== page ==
I started first at the age of six and with the highest of expectations. My fondest desire in life at the time was to read the Bible and the Sunday comics or, as I called them back then, the funny papers. Unlike Mrs. Happy, I had not figured out how to read by then. I could recite both the alphabet and a number of children’s books—and even turn the pages at the right time—but I had not figured out that written letters could translate to spoken sounds, which could translate to verbal communication. It didn’t take long. Once my teacher explained things, I was all over it. I sounded out every grouping of letters I could find anywhere I could find them. I felt a rush of pride and accomplishment every time I figured out a word I hadn’t seen before.
After I learned to read, I experienced other periods of excitement. I learned about exceptions to the phonetic rules (to this day, I believe they should be spelled thay). I learned about grammar. I expanded my vocabulary. I discovered storytelling techniques and literary devices. I read poetry. I’ve learned so much.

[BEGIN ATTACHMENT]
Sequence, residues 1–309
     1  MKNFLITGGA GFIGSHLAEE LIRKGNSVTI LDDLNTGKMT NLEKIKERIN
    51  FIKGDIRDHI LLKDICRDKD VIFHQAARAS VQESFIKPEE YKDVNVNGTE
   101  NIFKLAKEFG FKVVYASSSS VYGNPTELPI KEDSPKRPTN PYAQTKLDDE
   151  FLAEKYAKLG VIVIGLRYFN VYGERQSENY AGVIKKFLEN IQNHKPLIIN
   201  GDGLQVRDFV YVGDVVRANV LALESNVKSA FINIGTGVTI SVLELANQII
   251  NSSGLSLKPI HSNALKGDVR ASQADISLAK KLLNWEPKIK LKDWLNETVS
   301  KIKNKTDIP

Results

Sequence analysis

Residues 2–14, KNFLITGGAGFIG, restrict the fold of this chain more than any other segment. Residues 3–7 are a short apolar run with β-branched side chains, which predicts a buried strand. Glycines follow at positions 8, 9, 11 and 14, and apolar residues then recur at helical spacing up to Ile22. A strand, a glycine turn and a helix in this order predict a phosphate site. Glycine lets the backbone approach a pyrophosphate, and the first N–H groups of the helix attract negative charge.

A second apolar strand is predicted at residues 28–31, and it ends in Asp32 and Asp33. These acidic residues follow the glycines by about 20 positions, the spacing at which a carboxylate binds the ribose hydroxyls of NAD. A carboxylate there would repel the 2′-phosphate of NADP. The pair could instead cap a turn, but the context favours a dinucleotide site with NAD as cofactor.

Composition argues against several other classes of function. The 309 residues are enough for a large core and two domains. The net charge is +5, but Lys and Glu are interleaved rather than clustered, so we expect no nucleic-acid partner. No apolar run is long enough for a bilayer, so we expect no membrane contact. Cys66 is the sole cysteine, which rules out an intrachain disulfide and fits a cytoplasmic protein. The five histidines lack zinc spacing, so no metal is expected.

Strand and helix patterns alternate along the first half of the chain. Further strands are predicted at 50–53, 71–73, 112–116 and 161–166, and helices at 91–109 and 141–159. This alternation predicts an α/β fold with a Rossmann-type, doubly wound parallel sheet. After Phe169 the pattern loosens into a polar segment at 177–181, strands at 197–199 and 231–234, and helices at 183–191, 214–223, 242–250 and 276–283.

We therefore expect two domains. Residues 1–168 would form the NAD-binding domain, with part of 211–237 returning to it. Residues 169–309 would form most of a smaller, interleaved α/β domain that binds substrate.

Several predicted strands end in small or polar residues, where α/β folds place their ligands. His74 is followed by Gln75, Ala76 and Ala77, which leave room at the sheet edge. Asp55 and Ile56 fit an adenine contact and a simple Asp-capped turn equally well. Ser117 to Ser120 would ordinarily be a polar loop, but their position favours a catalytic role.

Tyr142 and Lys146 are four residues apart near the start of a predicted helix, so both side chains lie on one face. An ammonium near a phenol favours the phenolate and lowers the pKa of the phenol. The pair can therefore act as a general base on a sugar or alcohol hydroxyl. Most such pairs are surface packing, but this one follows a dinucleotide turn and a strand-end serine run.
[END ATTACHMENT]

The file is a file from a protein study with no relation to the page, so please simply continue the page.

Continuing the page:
Do I still love to read? Absolutely. It’s one of my greatest joys. The mechanics of it have become second nature. I still sometimes get excited when I encounter a new word, but that doesn’t happen very often. Watch me read at the age of six, then watch me at 33 and you might think I’ve lost the excitement I once had. The fact is, I care more about a well-constructed sentence than I do word pronunciation. A cohesive paragraph that explains a rich character who contributes to an intricate storyline that expresses more than it actually says gives me even more satisfaction. Is my love of reading gone? No. It’s deeper than ever.
This is why I frown when people say “no one stays in love forever” or “love doesn’t last” or, more subtly, “being in love doesn’t last.” It’s true that a romantic relationship has an initial excitement that doesn’t last. The rewards don’t end with that initial excitement. In fact, to stop there is like learning to sound out words but never learning to understand what they communicate. So much joy is possible.